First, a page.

Home Popular Elk Sausage Recipe

Elk Sausage Recipe

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Provided by: EasyRecipesCooking.com

Categories: main-dish

Yield: approximately 30 to 40 serving


4 to 6 pounds elk meat, well-trimmed (or other venison)
2 to 3 pounds pork fat, well-trimmed (2-1 ratio meat to fat)
1 tablespoon dry thyme
1 tablespoon dry oregano
1 tablespoon dry sage
2 tablespoons salt
1 cup finely chopped onion
1/2 cup finely chopped garlic
1/2 cup crushed red chili pepper flakes, (optional)
1 to 2 cups roasted, peeled, and diced green chili peppers (optional)
Sun-dried tomatoes (optional)
Additional garlic (optional)
10 to 15 feet sausage casing
1/2 cup maple syrup (for breakfast sausage – optional)


  • Grind each meat separately then mix together. It is best if you grind the meat when it is very cold. Mix the ground meat together with all the seasonings. Form into small patties. Saute a small piece and test for taste. You may need to adjust the spices. Next, place a length (10 to 15 feet) of sausage casing on a sausage horn and force mixture into casing. Twist sausages in alternating directions to create 6 to 8-inch long sausages. If well protected, finished sausages can be frozen in a non-frost free freezer for up to a year. The sausages can be cooked directly on a grill or sauteed in a pan. For best results, boil sausages first and finish on grill or pan. Can serve with maple syrup.

Fresh Wild Game Sausage | MeatEater Cook

Fresh sausage making is my favorite category of wild game cookery, as it turns low-grade cuts of meat into high-grade food. My favorite sausages are fresh, meaning not cured or dried-and stuffed into hog middle casings.
I like to view fresh sausages as a sort of blank slate since you can flavor them…

Provided by: Steven Rinella


Basic Meat Mixture
8 pounds lean game meat (deer, elk, caribou, etc.), cut into 1-inch cubes – 2 pounds pork fatback, cut into inch cubes
Italian Seasoning
4 tbsp. fennel seeds
3 tbsp. kosher salt
3 tbsp. minced garlic
1/2-1-1/2 cups iced red wine
1/4 cup plus 2 tbsp. finely chopped flat-leaf parsley
1 heaping tbsp. freshly ground black pepper
3-4 tbsp. red pepper flakes (op­tional; makes a spicy sausage)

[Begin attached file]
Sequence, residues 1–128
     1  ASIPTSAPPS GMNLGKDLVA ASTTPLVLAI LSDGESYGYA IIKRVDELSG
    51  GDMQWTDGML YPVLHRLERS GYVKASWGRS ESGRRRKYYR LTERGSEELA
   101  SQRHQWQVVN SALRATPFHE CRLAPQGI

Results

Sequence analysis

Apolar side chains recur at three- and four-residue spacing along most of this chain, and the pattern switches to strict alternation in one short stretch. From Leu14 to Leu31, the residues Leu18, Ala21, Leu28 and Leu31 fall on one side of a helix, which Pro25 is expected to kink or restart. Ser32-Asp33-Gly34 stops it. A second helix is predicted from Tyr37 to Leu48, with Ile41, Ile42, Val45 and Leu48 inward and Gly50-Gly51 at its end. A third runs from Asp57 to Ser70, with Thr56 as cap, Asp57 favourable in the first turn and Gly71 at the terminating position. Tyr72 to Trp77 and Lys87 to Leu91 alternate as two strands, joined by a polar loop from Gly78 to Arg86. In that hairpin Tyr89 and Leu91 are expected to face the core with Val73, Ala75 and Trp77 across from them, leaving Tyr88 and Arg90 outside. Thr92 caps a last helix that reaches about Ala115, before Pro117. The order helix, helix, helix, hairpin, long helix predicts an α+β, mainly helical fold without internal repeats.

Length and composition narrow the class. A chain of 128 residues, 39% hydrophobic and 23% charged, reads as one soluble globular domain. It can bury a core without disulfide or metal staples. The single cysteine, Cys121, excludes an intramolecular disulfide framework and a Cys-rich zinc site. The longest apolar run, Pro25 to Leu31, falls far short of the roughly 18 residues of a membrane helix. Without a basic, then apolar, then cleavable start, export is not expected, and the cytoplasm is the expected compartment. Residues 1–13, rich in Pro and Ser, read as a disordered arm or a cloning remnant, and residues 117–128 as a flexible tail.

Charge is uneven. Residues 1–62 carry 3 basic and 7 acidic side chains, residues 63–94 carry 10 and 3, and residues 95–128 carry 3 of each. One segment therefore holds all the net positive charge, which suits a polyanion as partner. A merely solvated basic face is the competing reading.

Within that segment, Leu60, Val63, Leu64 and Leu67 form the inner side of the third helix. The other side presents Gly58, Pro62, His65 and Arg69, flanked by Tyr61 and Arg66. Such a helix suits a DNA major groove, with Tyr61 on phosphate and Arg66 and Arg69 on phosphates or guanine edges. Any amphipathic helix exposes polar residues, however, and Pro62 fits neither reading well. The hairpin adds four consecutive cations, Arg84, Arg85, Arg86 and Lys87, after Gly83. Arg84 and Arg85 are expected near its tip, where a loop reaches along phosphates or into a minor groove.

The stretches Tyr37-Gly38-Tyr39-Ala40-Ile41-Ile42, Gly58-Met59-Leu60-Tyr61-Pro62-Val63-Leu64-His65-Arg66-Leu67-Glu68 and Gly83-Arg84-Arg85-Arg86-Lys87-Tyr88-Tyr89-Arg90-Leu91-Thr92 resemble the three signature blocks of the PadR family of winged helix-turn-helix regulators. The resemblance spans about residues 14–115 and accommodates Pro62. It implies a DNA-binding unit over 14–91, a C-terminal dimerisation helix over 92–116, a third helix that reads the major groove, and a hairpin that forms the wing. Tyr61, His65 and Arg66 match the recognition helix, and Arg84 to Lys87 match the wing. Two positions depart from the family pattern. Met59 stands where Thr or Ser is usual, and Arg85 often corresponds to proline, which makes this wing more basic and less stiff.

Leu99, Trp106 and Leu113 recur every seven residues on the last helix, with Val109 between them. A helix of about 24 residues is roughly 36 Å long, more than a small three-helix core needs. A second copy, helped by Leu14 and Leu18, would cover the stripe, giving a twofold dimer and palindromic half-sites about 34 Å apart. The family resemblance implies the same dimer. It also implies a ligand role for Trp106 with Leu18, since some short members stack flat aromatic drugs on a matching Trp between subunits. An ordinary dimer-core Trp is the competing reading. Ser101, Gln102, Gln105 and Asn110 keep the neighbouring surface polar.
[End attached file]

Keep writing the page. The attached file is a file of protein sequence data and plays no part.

Bratwurst Seasoning
2 tbsp. ground white pepper
3 tbsp. kosher salt
1 tbsp. ground ginger
1 tbsp. freshly grated nutmeg
1/2-1-1/2 cups ice water
2 tsp. ground cloves
Vietnamese Style Seasoning
1/2 cup grated fresh ginger
1/2 cup lime juice
6 tbsp. fish sauce
1 medium carrot, finely grated
4 serrano peppers or other hot fresh chiles, minced (about 3 tbsp)
5 tbsp. minced garlic
2 tbsp. sugar
2 tbsp. kosher salt
1/2 -1-1/2 cups ice water
1 cup finely chopped fresh cilantro (add after grinding)
1/2 cup finely chopped basil or mint (add after grinding)
1/2 bunch scallions, thinly sliced (add after grinding)


  • When I make sausage or grind meat, I work out of the freezer in order to make sure that everything is super cold. Another option is to work out of a cooler filled with ice. The meat is easier to work with when it’s on the verge of freezing, and it’s much safer. If your meat is so cold that your hands get an arthritic ache when mixing it, you’re doing it right.
  • Combine the meat and fat from the basic recipe. Then add whichever style seasoning you choose to the cubed meat mixture. Toss to combine.
  • With a bowl placed at the output of the grinder, run the combined mixture of meat, fat, and seasonings through a 1/4-inch grinder plate.
  • For a coarser sausage, pass the blend through that same plate again. For a finer-grained sausage (recommended for tougher meat) pass the sausage mixture through a 3/16-inch grinder plate.
  • If making the Vietnamese-style sausage, add the chopped herbs and scallions and mix well.
  • Remove a golf-ball-sized sample of the mixture and re­frigerate the rest. In a hot skillet, cook up the sample to be sure you like the seasoning. Adjust the seasoning of the larger batch as needed. At this point, the sausage mixture can be used (or wrapped and frozen) as bulk sausage. Or you can proceed to stuff the sausages into casings.